Your COVID Vaccine Questions Answered!

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Are you ready to take the COVID-19 vaccine or have you been vaccinated already? And if you are not going to get the shot, why not? And if not, maybe we can convince you otherwise! 

Last year we discussed the flu and how to stay safe. Now we have the COVID-19 virus, but we are making heavy strides in containing it.

The CDC recently reduced the age to 12, so now over 90% of the population in the United States is eligible for their vaccine shot and on May 13, the president announced that masks will not be required for all those who have been vaccinated, so we are definitely moving in the right direction.

According to a survey carried out in February 2021, 69% of Americans were either already vaccinated or were planning to get vaccinated. This percentage has increased compared to only 60% of Americans who wanted to get the vaccine late last year. Still, 30% of the respondents say that they won’t get the vaccine. 

Man unsure about taking the vaccine
Should I or shouldn’t I?

Aside from children below 12 years of age, the other remaining holdouts are people who are just not comfortable with getting the shot. Whether it be that they have a fear of potential side effects, religious reasons or that they just don’t have trust in the pharmaceutical companies, the government or both, they refuse to take the drug.

To clear the air and any misconceptions, we’re going to answer some of the most commonly asked questions about the COVID vaccines. 

How Do the Vaccines Work?

Both Pfizer and the Moderna drugs refer to a new type of biotechnology known as mRNA; that is, it teaches our cells to make proteins that fight off the virus. Unlike several other types of vaccines that generate an immune system response by injecting a weakened form of a virus into the body, the mRNA vaccine teaches the cells to generate an immune response independently. It performs this function by sending instructions to part of the spike protein found on the surface of the virus (those orangy intrusions seen in the electron microscope images). Once these instructions are ‘read’ and activated, the immune system will go after them to destroy them.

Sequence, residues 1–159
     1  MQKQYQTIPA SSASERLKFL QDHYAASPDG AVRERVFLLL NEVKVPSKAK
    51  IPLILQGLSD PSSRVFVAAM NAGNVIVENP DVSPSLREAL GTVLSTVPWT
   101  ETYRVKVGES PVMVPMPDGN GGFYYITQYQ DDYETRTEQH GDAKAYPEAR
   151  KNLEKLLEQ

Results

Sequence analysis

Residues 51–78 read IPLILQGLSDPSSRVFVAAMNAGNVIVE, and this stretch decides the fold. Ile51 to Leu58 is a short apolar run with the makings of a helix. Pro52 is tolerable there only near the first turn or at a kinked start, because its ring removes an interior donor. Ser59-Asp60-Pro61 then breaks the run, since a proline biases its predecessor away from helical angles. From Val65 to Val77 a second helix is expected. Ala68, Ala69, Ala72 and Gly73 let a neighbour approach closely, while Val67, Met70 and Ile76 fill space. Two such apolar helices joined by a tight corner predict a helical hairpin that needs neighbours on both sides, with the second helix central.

Which are the Most Promising COVID Vaccines?

Here is a list of the most common COVID vaccines being used around the globe. 


Pfizer And Biontech Vaccine Against Covid-19. Glass Medical VialAccording to an independent analysis published in November 2020, Pfizer-BioNTech announced 95% effectiveness of their BNT162b2 vaccine.

This vaccine claims to be 90% effective in the “real-world”; that is, in those outside the clinical trial. It is a two-injection vaccine for both young and old people. While it is still unclear as to how long this vaccine will provide you immunity, research suggests that it can last for a year or longer. 


American Moderna Covid-19 vaccine vials on a lab desk. Chemical glassware and test tubes for pharmacy development. Moderna tests inoculation against coronavirus.

The mRNA-1273 vaccine for COVID is a result of collaboration between Moderna and the NIAID (National Institute of Allergy and Infectious Diseases). According to the phase-III trial conducted on over 30,000 volunteers, this vaccine has been deemed as 94% effective. In real-world conditions, the vaccine claims to be 90% effective.

Johnson & Johnson